However, performance on the test depends greatly on the mouse strain, Silverman says. Giving anxiety drugs to mice before they perform the task should cause an increase in time spent in the center of the open field. Yet a 2015 study showed that such drugs have no effect on the performance of three lab strains, including the strain C57BL/6, which is commonly used to create autism mouse models1.
The open field test should never be the only measure of anxiety, says Samaco; researchers should use another measure, too, such as the light-dark box assay, in which the mouse chooses between a large, brightly lit chamber and a smaller dark chamber.
They should also make sure the animals have no motor problems that slow them down or prevent them from moving around.
In fear conditioning, a classic Pavlovian task, researchers expose the animal to a mild electric shock to the foot along with a sound, which together cause the mouse to freeze in place. The following day, researchers test whether the mouse freezes in response to the sound alone as a measure of its memory.
But first, researchers must make sure the animals can hear the sound and feel the shock, Samaco says. Genetic mutations can alter both hearing and shock sensitivity in unpredictable ways.
It is also important to test different shock levels on a few of the animals in each experimental and control group, to find the levels that trigger comparable freezing responses in the groups.
“It’s been shown by many labs that males and females, and mutants versus wildtypes, respond differently to a given shock intensity,” Rizzo says.
The Morris water maze is a test of spatial memory. Researchers train mice to find a submerged platform located in one of four quadrants of a circular pool. In a series of 60-second trials over several days, they track how long it takes the mouse to reach the platform. As mice learn the task, they do it more quickly each time.
On the last day, researchers remove the platform and release the mouse into the pool. If it swims to the quadrant where the platform was previously located, they conclude it has learned and recalled the location.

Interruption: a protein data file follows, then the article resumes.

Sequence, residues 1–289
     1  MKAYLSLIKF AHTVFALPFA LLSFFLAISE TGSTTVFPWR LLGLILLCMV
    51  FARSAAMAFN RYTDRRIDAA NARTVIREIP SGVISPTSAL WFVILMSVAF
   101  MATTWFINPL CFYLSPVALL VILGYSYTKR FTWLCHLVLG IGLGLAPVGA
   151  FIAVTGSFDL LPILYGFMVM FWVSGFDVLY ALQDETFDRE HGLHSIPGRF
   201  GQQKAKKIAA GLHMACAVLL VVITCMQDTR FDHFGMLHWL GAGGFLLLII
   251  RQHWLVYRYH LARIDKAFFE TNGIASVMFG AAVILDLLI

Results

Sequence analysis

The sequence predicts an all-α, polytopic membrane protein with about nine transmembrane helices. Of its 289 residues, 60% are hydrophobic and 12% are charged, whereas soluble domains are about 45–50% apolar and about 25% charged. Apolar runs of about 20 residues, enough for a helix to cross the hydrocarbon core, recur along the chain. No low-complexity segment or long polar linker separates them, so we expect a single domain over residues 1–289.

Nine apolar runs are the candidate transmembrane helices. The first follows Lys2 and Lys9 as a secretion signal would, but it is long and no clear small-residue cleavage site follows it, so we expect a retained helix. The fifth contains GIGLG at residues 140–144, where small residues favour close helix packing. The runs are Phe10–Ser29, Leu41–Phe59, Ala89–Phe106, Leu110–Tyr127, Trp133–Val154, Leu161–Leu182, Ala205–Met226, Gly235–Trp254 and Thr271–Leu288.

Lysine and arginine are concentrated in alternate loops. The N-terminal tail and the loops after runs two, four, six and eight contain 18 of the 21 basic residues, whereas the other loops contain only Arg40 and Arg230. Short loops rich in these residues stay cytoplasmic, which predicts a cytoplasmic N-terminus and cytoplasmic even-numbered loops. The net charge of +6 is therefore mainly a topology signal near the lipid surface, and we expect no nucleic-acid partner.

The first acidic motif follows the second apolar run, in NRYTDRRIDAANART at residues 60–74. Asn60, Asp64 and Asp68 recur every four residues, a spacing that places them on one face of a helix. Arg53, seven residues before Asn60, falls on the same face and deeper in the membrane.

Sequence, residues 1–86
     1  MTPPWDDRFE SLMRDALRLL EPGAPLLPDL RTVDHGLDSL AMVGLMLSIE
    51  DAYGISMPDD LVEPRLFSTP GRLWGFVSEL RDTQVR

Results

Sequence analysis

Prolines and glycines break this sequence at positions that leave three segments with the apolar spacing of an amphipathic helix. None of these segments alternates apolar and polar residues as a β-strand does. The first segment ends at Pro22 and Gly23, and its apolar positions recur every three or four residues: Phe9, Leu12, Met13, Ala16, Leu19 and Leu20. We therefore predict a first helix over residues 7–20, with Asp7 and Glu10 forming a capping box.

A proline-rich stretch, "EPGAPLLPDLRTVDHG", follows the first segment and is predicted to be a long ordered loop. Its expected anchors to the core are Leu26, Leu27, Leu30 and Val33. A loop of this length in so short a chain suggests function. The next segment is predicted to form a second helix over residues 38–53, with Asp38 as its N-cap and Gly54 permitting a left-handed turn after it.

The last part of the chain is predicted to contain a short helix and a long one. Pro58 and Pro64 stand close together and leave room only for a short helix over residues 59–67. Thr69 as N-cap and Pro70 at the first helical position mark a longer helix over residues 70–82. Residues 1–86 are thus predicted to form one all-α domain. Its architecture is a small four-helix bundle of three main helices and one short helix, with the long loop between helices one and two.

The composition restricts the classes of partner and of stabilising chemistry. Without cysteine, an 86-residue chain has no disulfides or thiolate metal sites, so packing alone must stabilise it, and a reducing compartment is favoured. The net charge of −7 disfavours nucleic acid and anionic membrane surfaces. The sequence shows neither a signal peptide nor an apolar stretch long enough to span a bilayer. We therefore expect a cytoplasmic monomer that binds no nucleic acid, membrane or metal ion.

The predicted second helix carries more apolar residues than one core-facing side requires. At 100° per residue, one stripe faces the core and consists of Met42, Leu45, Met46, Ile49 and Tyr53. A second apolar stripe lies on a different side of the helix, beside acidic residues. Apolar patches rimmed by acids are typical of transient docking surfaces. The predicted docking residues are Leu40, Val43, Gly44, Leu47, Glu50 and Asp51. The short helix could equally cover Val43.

Researchers often skip that last step, recording just the final time to platform, says Silverman.
The test depends on good vision. Yet many strains of mice, including C57Bl/6, have poor eyesight, which often gets worse with age. Motor and balance deficits can also interfere with the test.
Even if these problems prevent the mouse from getting faster at finding the platform, Silverman says, if it swims to the right quadrant, it’s clear the mouse has learned and remembered the location.
For any behavioral test, it makes sense to check for any motor or sensory issues that might interfere with the results. And Silverman says that combining results from males and females is a problem, too, unless a researcher has conclusively shown there’s no difference in how the sexes perform.
Samaco also advocates for reporting more details about the methods used, including those relating to basic animal care — when the lights are on and off in the animal facility, the temperature and how many animals occupy the same cage, for example. He says he always searches for that information in studies reporting surprising behavioral results, but usually cannot find it. “The devil is in the details,” he says.
On the plus side, high-impact journals seem to be increasingly tapping experts to review papers with a behavioral component, Rizzo says. And Silverman notes that researchers also seem to be including more thorough behavioral tests in their grant proposals.
The bottom line, Samaco says: If you aren’t trained in the finer points of behavioral assays, reach out to someone who is. They would be happy to help.